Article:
net <- simplify(net, remove.multiple = F, remove.loops = T)
# Note that we could also use simplify to combine multiple edges
# between the same two nodes (though that may collapse different link types)
# ================ ~~ Vertex and edge attributes ================
# We can access the nodes (vertices) and ties (edges) using V() and E()
E(net)
V(net)
# We can access the node and edge attributes using the usual $ notation:
E(net)$link
V(net)$unit
V(net)$person
# We can also find specific nodes and edges by attribute:
V(net)[person=="Peter Parker"]
E(net)[link=="financial"]
# Examine attributes:
vertex_attr(net) # Node
edge_attr(net) # Edge
graph_attr(net) # Network
# Another way to set attributes:
# (you can similarly use set_edge_attr(), set_vertex_attr(), etc.)
net <- set_graph_attr(net, "name", "Organizational Network")
net <- set_graph_attr(net, "something", "A thing!")
graph_attr_names(net)
graph_attr(net)
graph_attr(net, "name") <- "Organization Network"
graph_attr(net, "something") <- "An Attribute"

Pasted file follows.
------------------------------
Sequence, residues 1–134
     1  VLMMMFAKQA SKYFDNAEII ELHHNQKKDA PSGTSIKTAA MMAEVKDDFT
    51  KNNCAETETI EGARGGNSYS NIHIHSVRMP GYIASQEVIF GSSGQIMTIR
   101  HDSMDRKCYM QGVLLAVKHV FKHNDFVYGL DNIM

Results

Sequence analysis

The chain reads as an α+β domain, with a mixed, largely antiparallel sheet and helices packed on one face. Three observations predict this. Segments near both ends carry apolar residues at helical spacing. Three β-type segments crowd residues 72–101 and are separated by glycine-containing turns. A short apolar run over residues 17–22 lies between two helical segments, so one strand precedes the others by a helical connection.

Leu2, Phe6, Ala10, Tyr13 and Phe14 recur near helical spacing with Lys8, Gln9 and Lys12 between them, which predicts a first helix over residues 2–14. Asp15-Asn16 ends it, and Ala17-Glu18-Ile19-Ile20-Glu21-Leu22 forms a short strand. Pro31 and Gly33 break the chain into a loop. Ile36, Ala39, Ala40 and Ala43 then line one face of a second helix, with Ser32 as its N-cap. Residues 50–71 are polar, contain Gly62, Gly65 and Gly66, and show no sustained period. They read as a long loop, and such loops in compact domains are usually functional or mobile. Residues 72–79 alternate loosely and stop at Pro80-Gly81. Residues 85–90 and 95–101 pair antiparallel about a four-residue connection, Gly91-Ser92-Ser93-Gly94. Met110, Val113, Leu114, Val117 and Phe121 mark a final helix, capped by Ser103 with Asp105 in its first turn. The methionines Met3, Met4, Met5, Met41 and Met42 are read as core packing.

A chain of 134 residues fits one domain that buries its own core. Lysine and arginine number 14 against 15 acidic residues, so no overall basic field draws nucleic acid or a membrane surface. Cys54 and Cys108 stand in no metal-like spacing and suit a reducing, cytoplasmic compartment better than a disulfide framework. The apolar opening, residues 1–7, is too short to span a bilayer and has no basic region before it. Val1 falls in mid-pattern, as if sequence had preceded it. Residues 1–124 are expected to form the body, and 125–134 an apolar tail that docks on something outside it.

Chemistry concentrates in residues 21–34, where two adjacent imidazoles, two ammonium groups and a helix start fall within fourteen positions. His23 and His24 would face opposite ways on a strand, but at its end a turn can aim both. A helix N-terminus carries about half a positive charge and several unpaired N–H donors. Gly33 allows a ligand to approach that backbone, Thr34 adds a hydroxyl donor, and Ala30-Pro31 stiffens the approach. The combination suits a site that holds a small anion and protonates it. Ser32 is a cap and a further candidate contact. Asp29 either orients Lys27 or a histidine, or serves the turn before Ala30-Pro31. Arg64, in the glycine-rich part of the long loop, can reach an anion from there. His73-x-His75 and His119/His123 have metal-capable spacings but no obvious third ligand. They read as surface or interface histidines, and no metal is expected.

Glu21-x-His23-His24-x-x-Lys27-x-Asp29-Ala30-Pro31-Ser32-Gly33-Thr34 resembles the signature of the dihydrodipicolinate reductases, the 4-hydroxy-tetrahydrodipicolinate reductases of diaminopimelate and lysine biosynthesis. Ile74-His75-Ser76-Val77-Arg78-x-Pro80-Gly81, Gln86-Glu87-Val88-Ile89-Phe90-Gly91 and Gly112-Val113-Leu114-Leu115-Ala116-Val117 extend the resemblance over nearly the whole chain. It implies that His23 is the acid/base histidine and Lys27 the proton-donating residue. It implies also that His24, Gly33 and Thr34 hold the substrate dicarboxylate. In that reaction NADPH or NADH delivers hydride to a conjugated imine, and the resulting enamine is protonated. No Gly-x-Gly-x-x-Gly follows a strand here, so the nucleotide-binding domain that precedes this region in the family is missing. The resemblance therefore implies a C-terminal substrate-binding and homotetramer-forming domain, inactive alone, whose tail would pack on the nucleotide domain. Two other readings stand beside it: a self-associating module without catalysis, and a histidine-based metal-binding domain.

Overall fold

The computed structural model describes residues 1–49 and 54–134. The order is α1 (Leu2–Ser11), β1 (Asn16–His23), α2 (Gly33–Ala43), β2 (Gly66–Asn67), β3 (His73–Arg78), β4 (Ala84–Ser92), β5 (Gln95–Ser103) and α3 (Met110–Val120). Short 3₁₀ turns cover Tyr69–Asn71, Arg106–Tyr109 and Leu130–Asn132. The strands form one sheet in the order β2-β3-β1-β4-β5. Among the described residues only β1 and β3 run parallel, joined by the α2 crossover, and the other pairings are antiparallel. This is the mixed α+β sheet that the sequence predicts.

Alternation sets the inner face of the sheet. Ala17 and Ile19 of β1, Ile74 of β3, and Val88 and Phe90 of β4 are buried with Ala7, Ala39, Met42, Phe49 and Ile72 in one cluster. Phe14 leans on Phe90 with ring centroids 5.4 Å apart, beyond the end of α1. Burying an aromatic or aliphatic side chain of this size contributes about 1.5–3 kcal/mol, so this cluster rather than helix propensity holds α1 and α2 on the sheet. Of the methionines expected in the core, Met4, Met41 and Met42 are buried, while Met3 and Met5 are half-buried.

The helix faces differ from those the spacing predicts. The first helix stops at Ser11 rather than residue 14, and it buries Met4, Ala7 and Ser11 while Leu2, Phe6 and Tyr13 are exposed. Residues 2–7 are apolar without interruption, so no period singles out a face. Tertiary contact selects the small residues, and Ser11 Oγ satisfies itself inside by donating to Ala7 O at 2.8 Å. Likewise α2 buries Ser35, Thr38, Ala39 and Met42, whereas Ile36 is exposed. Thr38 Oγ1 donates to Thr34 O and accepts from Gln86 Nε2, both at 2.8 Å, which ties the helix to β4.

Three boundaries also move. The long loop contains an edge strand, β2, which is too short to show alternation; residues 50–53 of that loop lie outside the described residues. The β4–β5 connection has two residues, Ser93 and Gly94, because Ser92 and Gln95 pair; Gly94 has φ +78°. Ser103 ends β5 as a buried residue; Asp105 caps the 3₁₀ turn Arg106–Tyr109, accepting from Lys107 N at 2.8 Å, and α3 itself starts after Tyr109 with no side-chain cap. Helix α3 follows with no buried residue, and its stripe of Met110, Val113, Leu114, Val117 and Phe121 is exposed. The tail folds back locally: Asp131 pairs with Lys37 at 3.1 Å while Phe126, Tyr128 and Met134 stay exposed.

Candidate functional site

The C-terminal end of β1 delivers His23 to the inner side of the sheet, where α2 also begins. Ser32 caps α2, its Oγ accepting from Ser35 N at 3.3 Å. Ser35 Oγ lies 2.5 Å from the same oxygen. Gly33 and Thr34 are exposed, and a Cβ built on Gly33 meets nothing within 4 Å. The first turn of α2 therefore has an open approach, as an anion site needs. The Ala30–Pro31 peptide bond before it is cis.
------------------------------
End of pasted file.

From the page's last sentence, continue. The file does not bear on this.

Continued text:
graph_attr(net)
net <- delete_graph_attr(net, "something")
graph_attr(net)
# ================ Plotting network data ================
# -------~~ Colors and plots in R --------
# In most R functions, you can use named colors, hex, or rgb values:
plot(x=5, y=5, pch=19, cex=25, col="dark red")
plot(x=5, y=5, pch=19, cex=25, col="#557799")
plot(x=5, y=5, pch=19, cex=25, col=rgb(.25, .5, .3))
# Built-in named colors:
colors()
# Generate color gradients:
# Note that colorRampPalette returns a *function* that we can use
# to generate as many colors from that palette as we need.
palf <- colorRampPalette(c("gray70", "dark red"))
plot(x=10:1, y=1:10, pch=19, cex=10, col=palf(10))